Joe and Izzy couldn’t wait for Black Friday and Cyber Monday. They’d been planning what they were going to get for weeks. It was going to be the perfect start to the Christmas period and their next bonanza! It was simple to design their best online targets – to be the first to the gifts awaiting them.
Sadly, for many people, their shopping plans would be ruined. Joe and Izzy were part of a seriously organised criminal gang who were planning multiple cyber-attacks targeting us at a time when many of us are more vulnerable than usual by chasing the ‘best online deal around’.
This year we are all particularly vulnerable for two reasons. First, many retailers will be looking to offer even bigger and better bargains to recover lost revenues from the 2020 lockdown. Secondly, as we get used to the new working environment that most of us find ourselves in, we need to be particularly vigilant. Our guard will often be down at home as we browse for the best deals, often on work laptops.
On the run-up to Black Friday in 2019, Check Point reported that phishing emails increased by 275%. The UK’s National Cyber Security Centre’s (NCSC) recent research found that 37% of people think that losing money or personal details over the internet is unavoidable. These two stats suggest Joe and Izzy will have another bumper year in 2021!
Yet there are some simple things that we can all do to protect ourselves during Black Friday and Cyber Monday at the end of November:
For any organisation, it would be a good idea at this time of year to provide some simple engaging and immersive reminders for what your employees need to be aware of and do on the run-up to the biggest online shopping spree we’ll ever see. Encourage the speedy reporting of what are suspicious emails and requests. Offer highly targeted, short awareness reminders, little and often. Encourage and share Black Friday and Cyber Monday stories amongst your employees. Remember, effective awareness training campaigns can go a long way to reduce the risk of you managing the damaging consequences of a cyber-attack.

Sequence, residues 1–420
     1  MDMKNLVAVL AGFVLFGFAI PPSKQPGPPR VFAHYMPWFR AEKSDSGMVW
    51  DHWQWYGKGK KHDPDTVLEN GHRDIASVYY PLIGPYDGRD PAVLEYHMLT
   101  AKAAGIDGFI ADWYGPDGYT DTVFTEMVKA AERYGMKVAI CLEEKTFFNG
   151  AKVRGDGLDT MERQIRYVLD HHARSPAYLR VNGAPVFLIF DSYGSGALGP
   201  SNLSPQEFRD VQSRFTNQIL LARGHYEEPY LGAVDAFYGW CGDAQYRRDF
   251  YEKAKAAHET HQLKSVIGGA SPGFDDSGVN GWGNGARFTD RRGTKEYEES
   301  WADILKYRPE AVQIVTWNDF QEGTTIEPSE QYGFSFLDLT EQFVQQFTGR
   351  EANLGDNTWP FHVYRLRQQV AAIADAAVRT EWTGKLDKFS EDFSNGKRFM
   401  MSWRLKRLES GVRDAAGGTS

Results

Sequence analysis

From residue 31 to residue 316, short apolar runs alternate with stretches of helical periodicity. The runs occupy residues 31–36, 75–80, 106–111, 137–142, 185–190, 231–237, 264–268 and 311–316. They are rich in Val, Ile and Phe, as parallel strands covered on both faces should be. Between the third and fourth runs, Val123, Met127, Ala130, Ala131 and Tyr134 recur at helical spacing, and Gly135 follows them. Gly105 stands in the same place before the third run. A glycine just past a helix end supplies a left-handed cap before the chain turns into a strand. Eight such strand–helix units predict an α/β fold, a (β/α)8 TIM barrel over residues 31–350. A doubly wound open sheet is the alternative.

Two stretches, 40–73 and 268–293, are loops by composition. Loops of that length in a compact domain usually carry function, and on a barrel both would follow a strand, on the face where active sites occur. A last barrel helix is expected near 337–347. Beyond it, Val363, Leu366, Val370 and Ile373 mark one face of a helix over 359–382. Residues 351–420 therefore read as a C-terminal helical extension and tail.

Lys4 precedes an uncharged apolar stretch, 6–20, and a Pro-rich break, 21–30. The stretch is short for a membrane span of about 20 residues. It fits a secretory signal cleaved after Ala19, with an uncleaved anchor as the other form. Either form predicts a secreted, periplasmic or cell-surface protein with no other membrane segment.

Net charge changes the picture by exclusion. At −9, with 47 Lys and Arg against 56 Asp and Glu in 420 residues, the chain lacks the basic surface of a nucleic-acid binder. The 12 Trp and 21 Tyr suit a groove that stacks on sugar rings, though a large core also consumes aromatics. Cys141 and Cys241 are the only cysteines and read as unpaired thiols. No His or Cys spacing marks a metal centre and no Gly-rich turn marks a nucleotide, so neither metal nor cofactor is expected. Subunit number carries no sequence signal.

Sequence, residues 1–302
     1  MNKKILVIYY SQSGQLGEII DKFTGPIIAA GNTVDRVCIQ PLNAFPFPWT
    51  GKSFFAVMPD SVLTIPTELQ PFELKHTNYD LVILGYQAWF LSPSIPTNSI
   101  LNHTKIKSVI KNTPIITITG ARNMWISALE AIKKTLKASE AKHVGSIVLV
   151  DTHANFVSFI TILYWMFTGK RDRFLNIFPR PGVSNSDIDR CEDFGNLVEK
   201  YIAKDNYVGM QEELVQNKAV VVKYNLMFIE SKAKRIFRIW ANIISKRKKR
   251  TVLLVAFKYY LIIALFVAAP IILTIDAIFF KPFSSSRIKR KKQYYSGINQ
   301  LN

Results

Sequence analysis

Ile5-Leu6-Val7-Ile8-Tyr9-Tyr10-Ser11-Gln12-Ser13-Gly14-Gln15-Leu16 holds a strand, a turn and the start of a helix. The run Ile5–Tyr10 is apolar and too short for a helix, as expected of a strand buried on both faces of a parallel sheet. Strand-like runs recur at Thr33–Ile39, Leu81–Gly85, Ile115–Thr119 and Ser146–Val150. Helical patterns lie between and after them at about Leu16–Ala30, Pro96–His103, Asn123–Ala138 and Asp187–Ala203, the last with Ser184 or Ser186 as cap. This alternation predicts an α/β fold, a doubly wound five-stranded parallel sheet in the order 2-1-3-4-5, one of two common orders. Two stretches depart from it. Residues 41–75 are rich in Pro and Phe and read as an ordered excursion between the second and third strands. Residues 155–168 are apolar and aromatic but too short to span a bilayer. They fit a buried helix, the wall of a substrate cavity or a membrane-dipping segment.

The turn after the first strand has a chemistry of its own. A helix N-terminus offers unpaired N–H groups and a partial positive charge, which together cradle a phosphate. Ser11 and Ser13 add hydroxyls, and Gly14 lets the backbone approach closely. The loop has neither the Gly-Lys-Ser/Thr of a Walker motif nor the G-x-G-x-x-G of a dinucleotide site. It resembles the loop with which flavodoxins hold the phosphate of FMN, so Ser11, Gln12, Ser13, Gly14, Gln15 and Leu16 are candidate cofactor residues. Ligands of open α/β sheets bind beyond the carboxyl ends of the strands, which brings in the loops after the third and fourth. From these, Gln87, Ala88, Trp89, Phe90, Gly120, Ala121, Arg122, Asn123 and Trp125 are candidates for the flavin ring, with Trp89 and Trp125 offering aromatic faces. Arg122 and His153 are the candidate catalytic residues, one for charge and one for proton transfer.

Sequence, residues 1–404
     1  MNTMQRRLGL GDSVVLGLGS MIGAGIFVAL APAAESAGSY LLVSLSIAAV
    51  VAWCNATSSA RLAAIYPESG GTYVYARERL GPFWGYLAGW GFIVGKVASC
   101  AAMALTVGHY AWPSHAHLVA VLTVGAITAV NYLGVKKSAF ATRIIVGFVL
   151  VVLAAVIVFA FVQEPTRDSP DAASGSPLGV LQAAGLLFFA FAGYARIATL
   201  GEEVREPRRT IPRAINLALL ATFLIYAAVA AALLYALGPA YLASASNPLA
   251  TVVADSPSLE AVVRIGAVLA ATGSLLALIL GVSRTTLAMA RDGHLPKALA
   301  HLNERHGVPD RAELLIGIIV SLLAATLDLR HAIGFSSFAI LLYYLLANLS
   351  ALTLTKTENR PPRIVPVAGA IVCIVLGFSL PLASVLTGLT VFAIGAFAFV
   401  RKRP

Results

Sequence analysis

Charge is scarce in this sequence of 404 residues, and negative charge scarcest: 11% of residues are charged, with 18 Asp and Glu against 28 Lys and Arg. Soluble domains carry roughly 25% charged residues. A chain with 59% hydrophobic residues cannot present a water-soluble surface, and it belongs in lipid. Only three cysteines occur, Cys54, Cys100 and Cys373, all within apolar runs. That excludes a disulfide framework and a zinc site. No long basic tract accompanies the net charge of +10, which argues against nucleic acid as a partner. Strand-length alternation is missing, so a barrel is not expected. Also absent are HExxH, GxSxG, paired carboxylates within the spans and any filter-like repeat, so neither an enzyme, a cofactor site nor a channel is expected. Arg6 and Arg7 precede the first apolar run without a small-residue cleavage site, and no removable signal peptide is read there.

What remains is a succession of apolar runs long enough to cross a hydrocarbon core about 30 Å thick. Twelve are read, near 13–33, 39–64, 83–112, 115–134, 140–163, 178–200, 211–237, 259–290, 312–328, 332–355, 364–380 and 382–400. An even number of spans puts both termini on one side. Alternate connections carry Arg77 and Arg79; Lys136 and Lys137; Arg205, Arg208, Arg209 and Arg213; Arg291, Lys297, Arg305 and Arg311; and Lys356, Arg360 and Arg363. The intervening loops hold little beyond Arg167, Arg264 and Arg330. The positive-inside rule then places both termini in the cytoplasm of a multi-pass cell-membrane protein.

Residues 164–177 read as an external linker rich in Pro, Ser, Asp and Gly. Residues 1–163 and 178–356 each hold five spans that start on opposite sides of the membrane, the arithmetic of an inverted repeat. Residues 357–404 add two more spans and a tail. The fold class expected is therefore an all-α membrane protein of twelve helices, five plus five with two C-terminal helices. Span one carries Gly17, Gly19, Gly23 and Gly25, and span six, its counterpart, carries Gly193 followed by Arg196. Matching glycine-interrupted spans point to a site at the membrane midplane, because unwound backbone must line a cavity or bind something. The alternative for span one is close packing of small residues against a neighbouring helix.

Here are some simple steps we can all take so we can safely enjoy the bargains available:
- Stop, think and be safe: Look out for simple giveaways of phishing scams targeting you with offers too good to be true. For example, if it refers to you as a ‘valued customer’ or ‘friend’, many will have poor spelling, grammar or punctuation and check the senders’ name and URL – does it sound legitimate or are they trying to mimic someone or a retailer you know.
- Don’t give away too much information: Online retailers will need your address and your bank details but don’t provide any further information not required for your purchase. If you can avoid it, don’t create an account on a new site unless you’re going to use that site a lot in the future.
- Use strong passwords: The best way to create a strong but also memorable password that will be extremely difficult to hack is to use three random words with numbers. So, for example, nan91potstar!.
- Stay up to date: Make sure you install the latest software and app updates to combat ever-evolving cyber-attacks.
Let’s work together to make sure Joe and Izzy don’t have the Black Friday, Cyber Monday, or Christmas they’d planned.